Today Did Not Exist for Some Adventists

Many folks have contacted Spectrum regarding the "Samoa dilemma." In short, due to an international date line shift to align the island business with New Zealand and Australia, the Seventh-day Adventist Church in Samoa has chosen to stick with a strict interpretation of "seven days" and not leap forward with the rest of their community. As a result, Sabbath will fall on Sunday because Sunday is now the seventh day. Their official statement explains:

Sunday worship will continue uninterrupted for the majority even though Sunday will have moved from the first day of the week to the seventh and last day. For those like Seventh Day Adventists, who observe the Biblical Sabbath however, the change will present challenges because of the longstanding association of Saturday with the seventh day.


As its name suggests, one of the distinguishing marks of the Seventh Day Adventist faith is its observance of the Biblical Sabbath, which according to scriptures, is on the seventh day of the week: “And on the seventh day God ended his work which he had made; and he rested on the seventh day from all his work which he had made.


And God blessed the seventh day, and sanctified it: because that in it he had rested from all his work which God had created and made” [Genesis 2: 2,3]
At present, the seventh day of the week falls on Saturday like everywhere else.

 

When Samoa repositions the International Date Line on the 29th December as planned, it will also reallocate the days of the week so that the seventh day of the week in Samoa will now fall on Sunday instead of Saturday as usual.

This means that Adventists in Samoa and the three atolls of Tokelau will not be as distinct from others Christians. Oh, and they will be worshipping on Sunday (i.e., the Mark of the Beast), which seems to be the crux of the controversy filling the inboxes of the faithful. Some folks seem to be very concerned about the authenticity of these new Seventh-day Sunday-keeping Adventists. I'm not so sure much of the church can even handle this level of abstraction. We can't even have an informed conversation about the basic science of origins or gender. Now physics? Will our church's flagship now publish some op-eds questioning the relativity of time and the social construction of the temporal? It looks like www.EducateTime.edu is available.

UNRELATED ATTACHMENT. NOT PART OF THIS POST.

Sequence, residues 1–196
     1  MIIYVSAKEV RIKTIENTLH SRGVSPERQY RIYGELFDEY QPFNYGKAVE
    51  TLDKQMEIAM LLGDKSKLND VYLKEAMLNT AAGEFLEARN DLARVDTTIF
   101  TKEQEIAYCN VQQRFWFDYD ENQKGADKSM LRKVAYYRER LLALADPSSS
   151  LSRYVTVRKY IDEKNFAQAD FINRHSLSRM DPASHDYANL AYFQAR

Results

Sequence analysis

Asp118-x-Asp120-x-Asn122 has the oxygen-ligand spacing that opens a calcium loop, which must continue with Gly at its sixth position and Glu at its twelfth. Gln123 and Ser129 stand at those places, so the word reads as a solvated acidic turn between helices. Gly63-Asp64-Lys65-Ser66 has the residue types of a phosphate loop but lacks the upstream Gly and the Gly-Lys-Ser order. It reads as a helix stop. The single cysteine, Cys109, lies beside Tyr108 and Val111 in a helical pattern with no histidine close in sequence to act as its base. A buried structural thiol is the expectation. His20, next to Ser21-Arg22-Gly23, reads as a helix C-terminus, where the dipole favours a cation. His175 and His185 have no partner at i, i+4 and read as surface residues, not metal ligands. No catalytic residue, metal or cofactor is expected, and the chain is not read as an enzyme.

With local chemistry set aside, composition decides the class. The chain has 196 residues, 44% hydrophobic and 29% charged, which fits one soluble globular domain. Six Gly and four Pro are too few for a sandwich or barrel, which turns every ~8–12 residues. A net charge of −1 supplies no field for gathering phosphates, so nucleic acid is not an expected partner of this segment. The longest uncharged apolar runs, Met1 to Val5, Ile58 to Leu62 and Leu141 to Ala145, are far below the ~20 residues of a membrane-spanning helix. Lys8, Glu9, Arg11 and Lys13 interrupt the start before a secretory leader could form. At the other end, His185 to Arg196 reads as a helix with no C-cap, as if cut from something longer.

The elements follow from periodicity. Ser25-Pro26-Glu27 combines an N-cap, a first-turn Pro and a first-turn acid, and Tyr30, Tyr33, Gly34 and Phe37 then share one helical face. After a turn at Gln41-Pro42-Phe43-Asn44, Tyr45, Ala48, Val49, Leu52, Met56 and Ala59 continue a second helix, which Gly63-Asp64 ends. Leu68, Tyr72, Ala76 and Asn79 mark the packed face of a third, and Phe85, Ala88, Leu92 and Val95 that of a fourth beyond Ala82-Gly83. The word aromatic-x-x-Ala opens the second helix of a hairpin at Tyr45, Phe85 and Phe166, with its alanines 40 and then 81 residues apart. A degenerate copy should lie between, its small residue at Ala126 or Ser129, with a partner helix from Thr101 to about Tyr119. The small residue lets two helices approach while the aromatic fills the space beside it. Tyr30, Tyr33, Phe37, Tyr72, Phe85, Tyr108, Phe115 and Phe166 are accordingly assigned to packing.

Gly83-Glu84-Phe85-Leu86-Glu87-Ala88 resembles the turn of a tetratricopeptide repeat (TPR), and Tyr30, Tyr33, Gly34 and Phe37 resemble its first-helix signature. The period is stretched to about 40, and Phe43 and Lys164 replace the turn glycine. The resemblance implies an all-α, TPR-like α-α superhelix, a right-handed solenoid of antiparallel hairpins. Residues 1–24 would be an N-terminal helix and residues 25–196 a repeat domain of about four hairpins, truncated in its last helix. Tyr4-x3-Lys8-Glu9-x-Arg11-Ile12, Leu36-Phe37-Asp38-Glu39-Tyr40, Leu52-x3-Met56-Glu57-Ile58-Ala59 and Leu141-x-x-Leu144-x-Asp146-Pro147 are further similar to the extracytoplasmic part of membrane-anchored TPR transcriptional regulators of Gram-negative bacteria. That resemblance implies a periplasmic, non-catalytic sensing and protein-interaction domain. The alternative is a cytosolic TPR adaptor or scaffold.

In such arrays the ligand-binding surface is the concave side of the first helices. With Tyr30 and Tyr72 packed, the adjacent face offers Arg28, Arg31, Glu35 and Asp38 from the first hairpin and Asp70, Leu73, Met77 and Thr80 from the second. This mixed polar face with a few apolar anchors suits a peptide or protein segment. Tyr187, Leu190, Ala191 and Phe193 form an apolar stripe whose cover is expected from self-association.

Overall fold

The numbering of the weekly cycle from day one to day seven remains as before but the names of the days will change. Accordingly, and in line with Biblical command on the subject, the Seventh Day Adventist Church in Samoa will continue to observe the biblical Sabbath on the seventh day of the weekly cycle, irrespective of the change of name to Sunday.



The naming of the days of the week of the pagan Gods is a relatively recent human invention after all. The Biblical records of creation refers only to the following, “and the evening and the morning were the first day…. “And the evening and the morning were the second day.” This formula of recording the days of the week repeat itself until the seventh day when the Lord then rested from all his labour. (Genesis: 1: 8-31, 2:1-3).



In arriving at this potentially challenging decision for the average church followers, the Seventh Day Adventist Church in Samoa has taken every opportunity to consult its membership at home as well as the churches global family. . . . Monday will be the first day of the week, with the seventh day falling on the Sunday. For the Seventh Day Adventist, faithful in Samoa, Sunday will coincide with the biblical Sabbath and therefore, the day of worship as commanded by scripture.

Happy New Year? Controversy commence!







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Sat, 10/25/2014 | Los Angeles Adventist Forum
October Adventist Forum
Ronald E. Osborn, Ph.D., A 2014-2016 Mellon Postdoctoral Fell ow in the Peace and Justice Program at Wellesley College (Boston), and a 2 015 Fullbright Scholar to Burma/Myanmar, Formerly an Adjunct Faculty Membe r in the Dept. of International Relations at USC, and in the Honors Progra m at UCLA. Topic: "Death Before the Fall?: A Conversation with Ronald Osbor n."

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